When people discuss the hemp flower, they are referring to the bud of the female hemp plant. When the hemp flower reaches full bloom, cannabinoids and resin are secreted. The hemp flower does this to attract pollen from the males so that seeds can be produced. Specially bred seedless plants produce higher CBD and lower THC, while plants with seeds have higher THC. The THC level determines the legality of the crop. Is hemp flower legal? Let’s take an in-depth look at the history of hemp and what brought it to legalization.
In 1906, the Federal government began to outlaw the cannabis plant family from which the hemp flower originates. The textile industry and those that believed hemp threatened the sale of competing products pushed for prohibition. By the mid-1930s, the Marihuana Tax Act classified the plant as a controlled substance.
Controlled Substances Act
The hemp plant was made illegal and banned in 1970 under the Controlled Substances Act.
Environmental Economics 1998 Study
Environmental Economics published a study in 1998, showing the diversity of the plant. Companies and organizations use hemp to create everything from biofuel to jewelry and plastics. Products made from hemp decrease land use, climatic factors, and play a role in reducing the human carbon footprint.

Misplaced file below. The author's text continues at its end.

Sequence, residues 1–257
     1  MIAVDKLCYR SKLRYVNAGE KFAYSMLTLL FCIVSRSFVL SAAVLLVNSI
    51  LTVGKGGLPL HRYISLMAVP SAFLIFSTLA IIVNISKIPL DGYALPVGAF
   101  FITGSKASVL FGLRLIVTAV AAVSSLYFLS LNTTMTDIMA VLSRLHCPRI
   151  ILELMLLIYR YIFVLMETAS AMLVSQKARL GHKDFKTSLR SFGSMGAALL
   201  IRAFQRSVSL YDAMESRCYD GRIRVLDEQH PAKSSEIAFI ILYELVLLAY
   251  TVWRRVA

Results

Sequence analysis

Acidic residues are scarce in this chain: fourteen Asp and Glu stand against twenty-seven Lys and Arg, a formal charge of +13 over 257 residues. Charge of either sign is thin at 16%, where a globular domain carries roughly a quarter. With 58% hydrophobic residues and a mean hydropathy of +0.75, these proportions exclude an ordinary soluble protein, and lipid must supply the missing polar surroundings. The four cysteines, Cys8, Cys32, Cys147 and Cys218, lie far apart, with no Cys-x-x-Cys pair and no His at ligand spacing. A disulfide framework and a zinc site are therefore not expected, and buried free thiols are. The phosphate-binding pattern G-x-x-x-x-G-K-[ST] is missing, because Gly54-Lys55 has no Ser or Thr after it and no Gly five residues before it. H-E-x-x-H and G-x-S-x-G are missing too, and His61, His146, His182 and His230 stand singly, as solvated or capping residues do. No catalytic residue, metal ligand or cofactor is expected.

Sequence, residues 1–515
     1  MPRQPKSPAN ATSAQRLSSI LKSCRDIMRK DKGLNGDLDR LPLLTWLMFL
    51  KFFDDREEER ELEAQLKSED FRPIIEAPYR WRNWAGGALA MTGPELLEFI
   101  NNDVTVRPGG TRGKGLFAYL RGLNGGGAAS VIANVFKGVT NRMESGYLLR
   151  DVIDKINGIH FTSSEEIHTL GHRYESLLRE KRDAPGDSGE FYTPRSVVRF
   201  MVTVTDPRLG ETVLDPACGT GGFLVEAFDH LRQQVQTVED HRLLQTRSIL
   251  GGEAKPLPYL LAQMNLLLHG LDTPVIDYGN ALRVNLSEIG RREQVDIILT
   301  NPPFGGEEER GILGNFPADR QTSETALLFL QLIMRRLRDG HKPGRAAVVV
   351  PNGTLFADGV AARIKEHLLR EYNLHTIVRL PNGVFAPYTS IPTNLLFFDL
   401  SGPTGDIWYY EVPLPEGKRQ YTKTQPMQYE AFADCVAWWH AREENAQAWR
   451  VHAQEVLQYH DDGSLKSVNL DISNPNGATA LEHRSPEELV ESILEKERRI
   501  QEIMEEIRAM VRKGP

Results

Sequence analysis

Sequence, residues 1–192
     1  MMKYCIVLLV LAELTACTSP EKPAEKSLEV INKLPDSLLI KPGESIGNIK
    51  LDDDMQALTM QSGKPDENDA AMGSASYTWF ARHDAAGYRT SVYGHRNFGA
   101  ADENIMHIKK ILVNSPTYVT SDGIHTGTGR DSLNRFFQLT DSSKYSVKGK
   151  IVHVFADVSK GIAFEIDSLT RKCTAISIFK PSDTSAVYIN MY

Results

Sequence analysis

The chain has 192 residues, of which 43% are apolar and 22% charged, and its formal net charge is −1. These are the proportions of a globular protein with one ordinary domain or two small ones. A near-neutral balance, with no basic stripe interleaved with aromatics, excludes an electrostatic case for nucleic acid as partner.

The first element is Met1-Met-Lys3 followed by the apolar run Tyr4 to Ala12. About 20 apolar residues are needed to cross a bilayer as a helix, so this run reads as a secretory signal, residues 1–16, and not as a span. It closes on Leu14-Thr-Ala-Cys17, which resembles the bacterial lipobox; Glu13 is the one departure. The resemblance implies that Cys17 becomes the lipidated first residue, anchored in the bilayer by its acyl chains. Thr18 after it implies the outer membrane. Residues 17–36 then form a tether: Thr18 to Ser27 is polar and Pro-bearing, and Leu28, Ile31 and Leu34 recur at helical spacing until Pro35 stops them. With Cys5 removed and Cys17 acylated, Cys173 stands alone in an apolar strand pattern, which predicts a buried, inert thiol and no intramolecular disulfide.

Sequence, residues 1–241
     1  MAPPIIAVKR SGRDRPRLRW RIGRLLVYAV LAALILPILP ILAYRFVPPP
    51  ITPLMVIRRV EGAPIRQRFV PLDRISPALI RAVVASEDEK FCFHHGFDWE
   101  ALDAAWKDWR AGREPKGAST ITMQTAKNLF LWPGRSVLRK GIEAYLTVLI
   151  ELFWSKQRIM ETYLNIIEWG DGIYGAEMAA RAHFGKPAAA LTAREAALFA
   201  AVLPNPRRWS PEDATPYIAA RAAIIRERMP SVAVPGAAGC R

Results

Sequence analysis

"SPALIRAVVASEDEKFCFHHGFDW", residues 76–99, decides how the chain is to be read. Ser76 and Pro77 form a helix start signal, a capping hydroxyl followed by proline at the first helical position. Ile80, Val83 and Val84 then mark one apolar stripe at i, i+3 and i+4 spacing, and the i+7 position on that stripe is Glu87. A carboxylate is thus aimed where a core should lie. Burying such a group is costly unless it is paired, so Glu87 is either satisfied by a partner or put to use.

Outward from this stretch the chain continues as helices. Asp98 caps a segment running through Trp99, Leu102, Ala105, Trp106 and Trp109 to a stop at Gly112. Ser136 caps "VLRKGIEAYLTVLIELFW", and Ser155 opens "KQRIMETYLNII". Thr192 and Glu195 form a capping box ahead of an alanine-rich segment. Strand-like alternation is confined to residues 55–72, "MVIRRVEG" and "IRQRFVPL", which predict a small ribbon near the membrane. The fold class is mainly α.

Industrial Hemp Farming Act of 2009
House Republican Ron Paul of Texas introduced the Industrial Hemp Farming Act in April of 2009. While no action was taken on this piece of legislation, it sought to separate marijuana and Industrial Hemp.
2014 Farm Bill
The 2014 Farm Bill generated and protected hemp research.
The 2018 Farm Bill
In December 2018, The Farm Bill drastically transformed the hemp policy in the US. While some industrial hemp was approved on a small scale by the U.S. Department of Agriculture (USDA), The 2018 Farm Bill expanded hemp cultivation by allowing the sale, transfer, and possession of products over state lines.
Hemp products must be made in a lawful manner that includes numerous restrictions. However, the new Farm Bill does not create a completely free system in which individuals or businesses can grow hemp whenever and wherever they want. There are strict guidelines that must be followed.
Is Hemp Flower Legal?
Yes, but it took decades to get it to where it is today. Many laws and regulations have been put into place to make hemp legalized.
The 2018 Farm Bill legalized hemp and extended the protections awarded to hemp research by recognizing its importance, the opportunities derived from the hemp flower, and acknowledged that more should be done to ensure hemp remains a stable agricultural commodity. This law highly regulates the hemp flower crop and doesn’t allow the free growth awarded to other crops like corn and wheat.
The law requires all hemp farmers to receive a license from an authorized state, tribal, or USDA hemp program. Those convicted of a controlled substance-related felony in the last ten years are ineligible for licensure.
Additionally, all licensed hemp farmers must report their crop acreage to the Farm Service Agency to give USDA and its stakeholders a better idea of the amount of hemp planted and grown in the U.S.
Under the 2018 Farm Bill, hemp and hemp flower become illegal marijuana, or non-hemp cannabis, when the THC content exceeds 0.3%.